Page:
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heavy duty work table

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  • MAC702
    replied
    I fire a couple customers every year. I get enough business to not deal with them.

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  • ryanjones2150
    replied
    I bet most of you guys have had “that” customer at some point. I think this guy is mine. I’ve never fired a customer before. This is the third time he’s had me spec out this work table, we met on Friday to approve the drawing, shook hands on the deal and he backed out (again) yesterday evening. He’s done this on a few other jobs too. I even showed up for a job one morning and he “forgot” to tell me he had it done the day before. So I told him we can’t do business anymore. I hate to be like that, but I won’t starve without his business.

    Thank you guys for all the suggestions, I’ve filed them away for future use.

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  • tarry99
    replied
    Click image for larger version

Name:	levelingfeet.jpg
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ID:	606229 Anytime I think of a forklift moving something I think part of that process is sliding the object along the ground on a hard surface ? I know cause I've driven many over the years........So rubber may not be the best lasting solution unless your forklift driver understands what's at stake?........might be that steel pads with the 4 sides kicked up to 30 degrees +/- may be a better option?

    I have also worked with Polyurethane bushings in suspension systems for bump stops that can take a lasting beating quite well and live far and beyond any rubber life in the same use and still have excellent memory.........but then again may also not like the potential lateral scuffing movement mentioned above. .https://www.energysuspensionparts.co...bump-stops.asp....

    Another option I've used on HD benches is these leveling feet.....works well in conjunction with casters or when there is a need to level a bench or fixture after moving it....in the pictures I use 1" Acme thread for the jacks and then attach the feet which are quite robust.
    https://reidsupply.com/feet-casters-...base/tl-3.html

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  • ryanjones2150
    replied
    Not a bad idea, maybe they come in different thicknesses. I’ll take a look at McMaster-Carr.

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  • MMW
    replied
    Might be to thick but loading dock bumpers came to mind for rubber feet.

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  • ryanjones2150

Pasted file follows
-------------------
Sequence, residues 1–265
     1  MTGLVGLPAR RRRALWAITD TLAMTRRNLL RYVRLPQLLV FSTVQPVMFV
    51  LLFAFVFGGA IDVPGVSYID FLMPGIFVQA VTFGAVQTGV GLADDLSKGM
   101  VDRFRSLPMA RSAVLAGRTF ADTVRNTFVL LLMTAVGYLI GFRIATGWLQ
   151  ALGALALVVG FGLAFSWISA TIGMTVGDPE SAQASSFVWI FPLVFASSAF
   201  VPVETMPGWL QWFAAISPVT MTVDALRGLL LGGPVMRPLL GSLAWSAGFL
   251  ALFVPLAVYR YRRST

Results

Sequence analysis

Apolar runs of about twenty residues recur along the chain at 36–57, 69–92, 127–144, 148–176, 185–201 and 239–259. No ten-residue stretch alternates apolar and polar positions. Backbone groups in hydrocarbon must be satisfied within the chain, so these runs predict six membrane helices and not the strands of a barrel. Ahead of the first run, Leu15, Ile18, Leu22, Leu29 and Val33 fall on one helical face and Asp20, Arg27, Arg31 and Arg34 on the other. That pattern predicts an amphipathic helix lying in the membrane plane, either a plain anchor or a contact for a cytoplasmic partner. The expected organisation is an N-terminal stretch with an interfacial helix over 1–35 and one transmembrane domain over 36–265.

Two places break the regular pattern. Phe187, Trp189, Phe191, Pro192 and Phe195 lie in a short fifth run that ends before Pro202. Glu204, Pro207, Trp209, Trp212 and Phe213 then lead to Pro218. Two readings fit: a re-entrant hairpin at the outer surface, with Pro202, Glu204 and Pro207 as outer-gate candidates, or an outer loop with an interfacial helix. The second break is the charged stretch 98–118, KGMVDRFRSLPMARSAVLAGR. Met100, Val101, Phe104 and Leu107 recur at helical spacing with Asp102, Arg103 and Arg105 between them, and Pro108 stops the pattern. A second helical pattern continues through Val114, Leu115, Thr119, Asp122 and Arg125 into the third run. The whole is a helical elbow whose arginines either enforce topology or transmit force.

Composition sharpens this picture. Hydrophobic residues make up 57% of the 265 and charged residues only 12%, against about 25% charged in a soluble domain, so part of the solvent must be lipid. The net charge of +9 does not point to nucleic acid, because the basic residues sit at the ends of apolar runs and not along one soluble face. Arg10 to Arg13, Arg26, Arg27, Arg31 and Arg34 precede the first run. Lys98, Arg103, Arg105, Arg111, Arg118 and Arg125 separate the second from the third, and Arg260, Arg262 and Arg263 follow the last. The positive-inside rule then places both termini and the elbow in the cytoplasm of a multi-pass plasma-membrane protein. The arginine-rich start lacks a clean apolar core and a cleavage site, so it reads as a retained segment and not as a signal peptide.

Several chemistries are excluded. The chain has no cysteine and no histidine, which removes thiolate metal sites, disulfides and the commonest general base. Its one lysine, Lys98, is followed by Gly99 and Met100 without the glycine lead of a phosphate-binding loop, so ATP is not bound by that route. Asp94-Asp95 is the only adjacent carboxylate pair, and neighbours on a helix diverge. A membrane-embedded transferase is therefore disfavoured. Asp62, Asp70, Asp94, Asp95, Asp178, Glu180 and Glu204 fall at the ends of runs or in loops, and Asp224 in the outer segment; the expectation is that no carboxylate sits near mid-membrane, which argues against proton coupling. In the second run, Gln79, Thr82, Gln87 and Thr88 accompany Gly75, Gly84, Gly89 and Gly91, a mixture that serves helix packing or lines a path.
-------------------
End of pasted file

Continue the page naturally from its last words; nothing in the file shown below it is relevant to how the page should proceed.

replied
    This customer does not want it on casters. He wants to move it around with his fork lift. I’ll need to fasten plastic or rubber pads to the bottom of the feet.

    This table will be split in half...one half at normal height the other much lower for whompin on dump truck hubs. I have to fabricate a fixture into the lower end for holding the hubs.

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  • tarry99
    replied
    I'm in the process of building another welding bench...........48"x 96"x .750" HR plate.....rolling on 5 or 6" casters. I'll be boring 5/8" holes in a pattern for clamping fixtures.......it will also have slide out extensions on all 4 sides to allow for the table / bench to grow if needed....Picking the right caster wheel hardness is important based on weight and the surface it will be used on...........also on casters , static brakes & and the ability to lock the caster body out from turning when needed should also be considered.

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  • ryanjones2150
    replied
    I’m back on this job, so hopefully I get the “go ahead” from my customer today. Should be a good winter job for me here.

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  • Oldgrandad
    replied
    You can do it Ryan just take your phone, turn on the camera, aim it at the table, and push the little round dot. I know you can do it. It's easier than welding and you've got that down.

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  • FusionKing
    replied
    Mail him a polaroid pic of it !!

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  • ryanjones2150
    replied
    Oh man, I’m terrible at that.

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  • Oldgrandad
    replied
    On second thought it will cost you, I demand at least one picture of the finished product.

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  • Oldgrandad
    replied
    No plagiarizing, it's your's. Even though it took me hour's on the computer to draw that up I'll let you it have for nothing but a little advice on a project TBD down the road.
    Last edited by Oldgrandad; 08-21-2019, 11:20 AM.

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  • ryanjones2150
    replied
    1/2” is the plan and I am going to plagiarize the living daylights out of your CAD drawing. Thanks for that!

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  • Oldgrandad
    replied
    1/4" table top, unless you back it 100% will look like an ocean scene in no time at all. Full of waves. It's just not thick enough to handle any kind of heavy work. 1/2" plate can be point loaded with an enormous amount of weight in the center of a 42" square, unsupported area, and not permanently deflect. Can't say the same for 1/4". But I do like a good strong support frame under my table tops. As seen in the drawing on post #12.

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